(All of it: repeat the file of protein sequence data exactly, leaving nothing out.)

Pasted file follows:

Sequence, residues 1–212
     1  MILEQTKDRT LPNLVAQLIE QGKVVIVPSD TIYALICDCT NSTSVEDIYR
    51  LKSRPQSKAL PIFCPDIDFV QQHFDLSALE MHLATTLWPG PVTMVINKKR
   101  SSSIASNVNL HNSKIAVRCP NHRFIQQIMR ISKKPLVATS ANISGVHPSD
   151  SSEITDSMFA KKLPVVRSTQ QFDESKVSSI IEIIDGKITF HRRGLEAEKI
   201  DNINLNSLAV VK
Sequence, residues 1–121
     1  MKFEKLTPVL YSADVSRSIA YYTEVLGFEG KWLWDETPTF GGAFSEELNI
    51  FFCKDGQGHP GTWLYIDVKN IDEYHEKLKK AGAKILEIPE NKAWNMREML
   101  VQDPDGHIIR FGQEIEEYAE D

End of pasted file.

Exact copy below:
Sequence, residues 1–212
     1  MILEQTKDRT LPNLVAQLIE QGKVVIVPSD TIYALICDCT NSTSVEDIYR
    51  LKSRPQSKAL PIFCPDIDFV QQHFDLSALE MHLATTLWPG PVTMVINKKR
   101  SSSIASNVNL HNSKIAVRCP NHRFIQQIMR ISKKPLVATS ANISGVHPSD
   151  SSEITDSMFA KKLPVVRSTQ QFDESKVSSI IEIIDGKITF HRRGLEAEKI
   201  DNINLNSLAV VK
Sequence, residues 1–121
     1  MKFEKLTPVL YSADVSRSIA YYTEVLGFEG KWLWDETPTF GGAFSEELNI
    51  FFCKDGQGHP GTWLYIDVKN IDEYHEKLKK AGAKILEIPE NKAWNMREML
   101  VQDPDGHIIR FGQEIEEYAE D